I wasn’t all that hungry, so skipped the seated dining area in favour of the buffet. Quite tasty, some nice local offerings, and the Montreal smoked meat sandwich was a great touch!

Service in the lounge was fantastic and attentive, with the staff doing a great job clearing plates and refilling drinks, even when it got completely packed as the evening departure bank approached. I was quite surprised how crowded the lounge got, and unfortunately it really wasn’t that peaceful. Good for Air Canada selling so much business class, but there was nothing “suite” like about the lounge. Same complaint I have about the Polaris lounges – they get super crowded. It makes me wonder how the previous lounges handled all these people before…or are more people coming early for the “lounge experience” now?

Boarding was a complete and utter mess. With several departures at the same time, all pretty much sold out in business class, the departures area was a nightmare. We were between flights to London and Brussels, all of which were completely sold out, and boarding was a chaotic mess. It wasn’t even clear where the queues were, but that said, once aboard things were much quieter.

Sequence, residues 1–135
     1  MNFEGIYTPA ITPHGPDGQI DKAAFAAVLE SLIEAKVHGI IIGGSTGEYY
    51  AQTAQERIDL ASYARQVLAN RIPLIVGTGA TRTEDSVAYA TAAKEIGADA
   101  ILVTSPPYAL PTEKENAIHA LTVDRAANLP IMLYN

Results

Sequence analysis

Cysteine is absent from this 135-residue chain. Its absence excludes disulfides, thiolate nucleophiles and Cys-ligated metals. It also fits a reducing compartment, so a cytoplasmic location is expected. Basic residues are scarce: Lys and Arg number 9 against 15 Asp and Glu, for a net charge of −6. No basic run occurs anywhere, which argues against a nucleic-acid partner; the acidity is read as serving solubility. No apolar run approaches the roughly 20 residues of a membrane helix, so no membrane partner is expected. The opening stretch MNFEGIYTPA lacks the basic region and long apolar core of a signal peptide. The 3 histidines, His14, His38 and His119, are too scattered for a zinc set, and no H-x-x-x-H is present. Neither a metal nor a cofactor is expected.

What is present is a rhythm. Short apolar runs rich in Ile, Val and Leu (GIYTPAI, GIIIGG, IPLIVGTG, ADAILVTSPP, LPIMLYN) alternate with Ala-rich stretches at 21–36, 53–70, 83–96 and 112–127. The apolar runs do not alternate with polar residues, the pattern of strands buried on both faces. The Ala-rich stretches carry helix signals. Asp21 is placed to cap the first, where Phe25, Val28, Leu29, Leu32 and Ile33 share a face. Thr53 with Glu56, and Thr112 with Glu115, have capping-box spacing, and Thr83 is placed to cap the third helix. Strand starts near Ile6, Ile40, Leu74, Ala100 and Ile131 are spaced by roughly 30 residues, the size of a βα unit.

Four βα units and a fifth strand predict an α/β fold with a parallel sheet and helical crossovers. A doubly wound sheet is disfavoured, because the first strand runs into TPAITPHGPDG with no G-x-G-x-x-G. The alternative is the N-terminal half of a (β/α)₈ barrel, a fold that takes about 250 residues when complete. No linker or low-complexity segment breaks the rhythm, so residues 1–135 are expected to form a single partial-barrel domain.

Amenity kit was waiting for us…filled with everything you’d expect, but didn’t rise to the level of one I’d want to keep to reuse the bag for toiletries, electrical cords, etc:

Tonight’s menu:

…and drink list:

Pre-departure bubbly was offered – I often wonder why airlines pour the pre-departure glasses like 1/3 full. What is this, maybe 1/2 glass of champagne? It can’t be cost saving, because they’re much more generous after takeoff.

The usual wine for me, and typical mixed nuts from Air Canada. Perfectly acceptable, but nothing original here.

Unfortunately at this point the crew was seated for just under two hours, because we ended up fighting some pretty terrible turbulence until we were off the Newfoundland coast. It was still not even 9pm for me by body clock, so I opted to continue the meal, as did most of the passengers since the turbulence was so bad there was no way anyone was sleeping.

The salad was boring but fine, and definite points for the duck and edamame starter. Nice and unique, while being relatively light. Plus, I’ll never complain about garlic bread!

I went with the chicken biryani as a main, probably because I remember the amazing biryani that Etihad served me a couple years ago. This was pretty good, and a nice unique option in flight. Any time I can get something that sounds and is better than the “steak” I’m happy, so this one was a winner with me.

Unfortunately, any positive thoughts I had died here. One of the saddest cheese plates I’ve seen in a long time, on par with some of the bland and boring kraft stuff that United serves. Very, very disappointing…and the cheddar was rubbery, obviously having been portioned long ago. Extremely disappointing.

The lemon cheesecake, however, was pretty tasty and a nice way to finish things off.